Conventional wisdom in the wine industry is that 90 points is the breaking point when it comes to a critic’s rating: Over that magic number means you can’t keep a wine in stock; under it means you can’t give a wine away.
The 100-point rating system is the brainchild of übercritic Robert Parker, who developed the method in the mid-1970s for his newsletter, The Wine Advocate. Parker experimented with other ratings, including letter grades and a 20-point scale developed at the University of California–Davis, but ultimately created his own.
Any American who had gone through grammar school easily understood his system: A 95 is good, while a 75 is not. You get 50 points just for showing up.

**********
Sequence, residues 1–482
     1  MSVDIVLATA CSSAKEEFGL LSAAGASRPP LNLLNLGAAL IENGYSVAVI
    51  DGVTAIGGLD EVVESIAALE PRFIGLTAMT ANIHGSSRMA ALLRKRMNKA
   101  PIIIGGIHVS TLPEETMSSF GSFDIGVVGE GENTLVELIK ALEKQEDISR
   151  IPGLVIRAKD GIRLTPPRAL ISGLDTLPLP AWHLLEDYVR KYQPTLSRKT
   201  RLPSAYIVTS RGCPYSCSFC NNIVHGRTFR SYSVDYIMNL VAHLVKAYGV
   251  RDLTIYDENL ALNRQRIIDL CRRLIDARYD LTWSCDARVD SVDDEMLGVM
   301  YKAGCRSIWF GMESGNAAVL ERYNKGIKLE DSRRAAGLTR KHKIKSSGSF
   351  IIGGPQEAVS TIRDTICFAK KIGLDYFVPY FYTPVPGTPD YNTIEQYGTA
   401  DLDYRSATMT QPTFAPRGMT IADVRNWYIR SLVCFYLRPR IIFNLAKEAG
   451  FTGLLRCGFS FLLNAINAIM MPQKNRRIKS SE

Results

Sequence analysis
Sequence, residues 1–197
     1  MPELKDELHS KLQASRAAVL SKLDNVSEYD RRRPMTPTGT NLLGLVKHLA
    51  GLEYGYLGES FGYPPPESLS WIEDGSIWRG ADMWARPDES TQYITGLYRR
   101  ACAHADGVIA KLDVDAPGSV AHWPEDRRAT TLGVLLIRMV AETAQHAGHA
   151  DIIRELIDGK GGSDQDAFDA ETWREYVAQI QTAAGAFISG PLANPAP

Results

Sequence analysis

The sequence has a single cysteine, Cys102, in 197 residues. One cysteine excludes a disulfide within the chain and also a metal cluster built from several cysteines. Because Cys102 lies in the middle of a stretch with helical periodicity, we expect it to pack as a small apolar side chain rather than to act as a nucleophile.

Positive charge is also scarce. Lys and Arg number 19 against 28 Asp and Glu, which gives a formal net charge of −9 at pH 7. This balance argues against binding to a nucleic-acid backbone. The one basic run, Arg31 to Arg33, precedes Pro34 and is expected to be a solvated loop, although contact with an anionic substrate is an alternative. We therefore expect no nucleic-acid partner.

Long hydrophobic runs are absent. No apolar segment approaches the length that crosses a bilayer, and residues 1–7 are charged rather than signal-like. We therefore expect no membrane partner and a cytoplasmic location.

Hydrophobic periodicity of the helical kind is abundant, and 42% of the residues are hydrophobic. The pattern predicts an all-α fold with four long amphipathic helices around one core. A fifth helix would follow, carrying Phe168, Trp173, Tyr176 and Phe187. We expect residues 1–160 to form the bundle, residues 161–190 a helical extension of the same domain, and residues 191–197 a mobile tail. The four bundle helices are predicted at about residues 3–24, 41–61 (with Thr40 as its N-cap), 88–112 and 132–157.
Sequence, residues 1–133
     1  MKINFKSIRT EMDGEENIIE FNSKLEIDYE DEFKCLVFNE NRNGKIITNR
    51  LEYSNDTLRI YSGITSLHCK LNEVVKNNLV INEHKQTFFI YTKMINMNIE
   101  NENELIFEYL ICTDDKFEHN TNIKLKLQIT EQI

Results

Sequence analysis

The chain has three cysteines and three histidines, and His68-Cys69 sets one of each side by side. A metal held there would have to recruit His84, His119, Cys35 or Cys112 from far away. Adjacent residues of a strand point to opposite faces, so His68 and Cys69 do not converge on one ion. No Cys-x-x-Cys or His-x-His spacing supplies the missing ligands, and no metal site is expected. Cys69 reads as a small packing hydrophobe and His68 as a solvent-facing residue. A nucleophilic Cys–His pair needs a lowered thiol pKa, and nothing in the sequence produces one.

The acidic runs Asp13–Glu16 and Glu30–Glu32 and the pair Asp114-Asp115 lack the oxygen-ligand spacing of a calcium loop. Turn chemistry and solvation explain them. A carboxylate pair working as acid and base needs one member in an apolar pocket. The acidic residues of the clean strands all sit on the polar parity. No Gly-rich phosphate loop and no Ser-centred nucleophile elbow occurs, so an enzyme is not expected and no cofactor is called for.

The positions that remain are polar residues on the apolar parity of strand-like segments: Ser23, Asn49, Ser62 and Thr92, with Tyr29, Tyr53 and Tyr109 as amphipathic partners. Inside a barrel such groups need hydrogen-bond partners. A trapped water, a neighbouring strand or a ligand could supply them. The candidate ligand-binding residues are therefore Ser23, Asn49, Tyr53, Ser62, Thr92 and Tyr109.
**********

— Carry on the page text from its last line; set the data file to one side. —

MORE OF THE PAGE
Wine Spectator and other publications quickly adopted Parker’s system, and today the 100-point scale is ubiquitous. “The entire process of making and selling wine today revolves around the scores,” says Tyler Coleman, author of Wine Politics. “Parker has steered people toward finding good wines, but what’s gotten lost is that it’s just an opinion. When you give a wine a number, it takes on a patina of objectivity.”
Occasionally critics seek out a wine to review on their own, but most often, wineries or distributors submit samples for ratings. Despite the system’s importance, some winemakers don’t send their wines in for review at all. “That’s a game we refuse to play,” says Pete Hedges, winemaker for Hedges Family Estate in Red Mountain, Washington State’s hot new wine-growing region.
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